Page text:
around the Great Sacandaga Lake
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42 North Main St.
Gloversville, NY 12078
In the heart of downtown Gloversville, the Glove
Theatre presents a wide variety of music performance, comedy,
family, cultural and holiday shows and events. Our goal is that
you have a wonderful experience at our theatre and that each
performance you attend will make an average night memorable.
at the Spa Little Theater
P.O. Box 1182
Saratoga Springs,NY 12866
(518) 587-4427 email@example.com
Made Theater's mission is to offer
high quality theater productions of outstanding plays, produced
by a dedicated group of professionally minded artists, to
offer classes in the theater arts to people of all ages,
and to provide the opportunity for exciting and rewarding
participation in all aspects of the theater.
PO Box 517
Indian Lake, NY
The downtown movie house is gone from most
small towns across the country. But in Indian Lake, NY, (population
1,400) the historic theater begins a new life as the result
of community spirit.
Great Sacandaga has a rich history in Theatre...
From the Adirondack Inn a pathway highlighted by a sign of a
log and branch with
the words “Sacandaga Park” led to the Midway. The image of this
log entrance became a favorite on postcards and souvenirs. Along the pathway
would pass the Dance Pavilion and arrive at the Rustic Theatre.
The Rustic Theatre was the only one of it’s kind in the area. Built in
the late 1800’s in the Adirondack tradition of bark covered logs with the
natural scenery of fir trees providing the backdrop. The theatre was also shared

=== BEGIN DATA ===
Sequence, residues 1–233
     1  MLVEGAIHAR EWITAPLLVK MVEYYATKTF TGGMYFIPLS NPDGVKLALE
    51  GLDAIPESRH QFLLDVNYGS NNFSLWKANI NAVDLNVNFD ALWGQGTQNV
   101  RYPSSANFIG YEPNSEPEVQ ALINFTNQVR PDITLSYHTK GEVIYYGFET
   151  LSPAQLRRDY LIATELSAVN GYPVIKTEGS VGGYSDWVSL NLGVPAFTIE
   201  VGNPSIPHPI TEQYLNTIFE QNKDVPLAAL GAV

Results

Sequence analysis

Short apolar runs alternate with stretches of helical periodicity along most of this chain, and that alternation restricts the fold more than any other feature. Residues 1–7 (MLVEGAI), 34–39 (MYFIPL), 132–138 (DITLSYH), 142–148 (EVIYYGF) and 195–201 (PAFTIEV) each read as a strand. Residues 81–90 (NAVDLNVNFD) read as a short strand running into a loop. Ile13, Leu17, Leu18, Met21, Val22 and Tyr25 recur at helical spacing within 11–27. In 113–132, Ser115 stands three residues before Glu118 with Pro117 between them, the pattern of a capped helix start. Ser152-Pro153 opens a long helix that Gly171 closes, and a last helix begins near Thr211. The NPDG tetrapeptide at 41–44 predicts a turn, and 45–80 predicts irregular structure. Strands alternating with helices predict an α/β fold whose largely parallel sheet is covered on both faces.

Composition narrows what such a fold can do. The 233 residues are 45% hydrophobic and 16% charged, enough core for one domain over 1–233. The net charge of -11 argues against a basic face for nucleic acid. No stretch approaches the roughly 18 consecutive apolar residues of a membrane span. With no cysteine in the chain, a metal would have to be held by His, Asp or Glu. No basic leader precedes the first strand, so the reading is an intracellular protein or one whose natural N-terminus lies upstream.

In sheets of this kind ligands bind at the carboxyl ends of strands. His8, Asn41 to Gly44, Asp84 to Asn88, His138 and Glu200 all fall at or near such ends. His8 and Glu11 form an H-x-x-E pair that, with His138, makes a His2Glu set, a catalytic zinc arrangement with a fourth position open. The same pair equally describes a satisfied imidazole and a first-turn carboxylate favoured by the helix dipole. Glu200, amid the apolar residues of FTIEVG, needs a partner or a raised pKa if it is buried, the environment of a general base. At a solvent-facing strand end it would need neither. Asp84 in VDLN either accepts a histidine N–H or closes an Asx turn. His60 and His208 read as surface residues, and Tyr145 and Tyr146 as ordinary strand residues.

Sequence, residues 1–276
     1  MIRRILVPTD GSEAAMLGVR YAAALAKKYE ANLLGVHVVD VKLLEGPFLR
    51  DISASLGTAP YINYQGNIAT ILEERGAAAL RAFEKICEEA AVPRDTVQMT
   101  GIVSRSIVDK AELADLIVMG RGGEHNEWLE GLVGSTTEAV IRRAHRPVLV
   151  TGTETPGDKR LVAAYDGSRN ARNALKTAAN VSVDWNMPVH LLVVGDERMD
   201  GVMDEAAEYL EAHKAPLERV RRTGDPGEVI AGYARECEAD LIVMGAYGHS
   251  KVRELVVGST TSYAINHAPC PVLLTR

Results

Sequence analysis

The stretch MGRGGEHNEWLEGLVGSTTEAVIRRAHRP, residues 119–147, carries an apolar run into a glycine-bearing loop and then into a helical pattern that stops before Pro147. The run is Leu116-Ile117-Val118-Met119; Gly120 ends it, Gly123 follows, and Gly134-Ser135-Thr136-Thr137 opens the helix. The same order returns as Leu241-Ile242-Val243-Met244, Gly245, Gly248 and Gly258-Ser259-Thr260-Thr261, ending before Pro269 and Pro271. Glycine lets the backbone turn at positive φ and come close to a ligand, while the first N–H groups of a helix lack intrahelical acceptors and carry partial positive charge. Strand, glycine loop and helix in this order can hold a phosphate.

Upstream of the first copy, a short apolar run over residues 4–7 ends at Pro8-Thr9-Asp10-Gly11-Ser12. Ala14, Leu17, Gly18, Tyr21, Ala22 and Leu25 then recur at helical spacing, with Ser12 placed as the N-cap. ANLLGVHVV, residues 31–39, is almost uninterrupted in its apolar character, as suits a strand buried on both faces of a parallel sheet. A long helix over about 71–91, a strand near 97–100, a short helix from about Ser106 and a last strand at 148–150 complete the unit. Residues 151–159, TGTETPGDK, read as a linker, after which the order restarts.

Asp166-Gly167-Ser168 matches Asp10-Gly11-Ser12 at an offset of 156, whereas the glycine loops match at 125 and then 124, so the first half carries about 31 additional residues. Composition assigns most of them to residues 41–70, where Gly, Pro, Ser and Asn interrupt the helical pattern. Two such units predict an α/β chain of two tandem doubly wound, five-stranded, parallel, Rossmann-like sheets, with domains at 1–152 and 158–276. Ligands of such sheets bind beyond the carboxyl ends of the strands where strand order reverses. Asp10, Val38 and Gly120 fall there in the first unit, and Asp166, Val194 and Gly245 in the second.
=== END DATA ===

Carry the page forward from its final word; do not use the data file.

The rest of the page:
among the churches in Northville for Sunday morning services in the summer. School
children’s end of the year plays would be performed there before the
park opened in July.
A few of the summer performers in those early years were:
John Phillips Sousa: Sousa at the age of six was found to have
absolute pitch. When Sousa reached the age of 13, his father,
(a trombonist in the U.S. Marine
Band) enlisted his son in the Marine Corps as an apprentice. Sousa served
his apprenticeship for seven years, until 1875. Several
years later, Sousa left his
apprenticeship to join a theatrical (pit) orchestra where he learned to conduct.
Sousa Band toured 1892-1931, performing 15,623 concerts. The
most well known music of Souses’ was the “Stars and
Stripes Forever” to
which Sousa wrote lyrics, but they are not as familiar as the music itself.
of the theatre also featured the J. W. Gorman’s
Alabama Troubadours who toured the east coast during the late
Before the Civil
War mixed casts of white and African American performers were forbidden
by law in many parts of the U.S., but were secretly included
white companies. After the Civil War, mixed and all-African American
minstrel companies toured America and England. Most troupes were all
female impersonators in the skits. Both featured stereotyped caricatures
than genuine depictions of African Americans, and were usually demeaning
the entire article on
the GSL's Rustc Theatre by L.L. Decker written
originally for the Sacandaga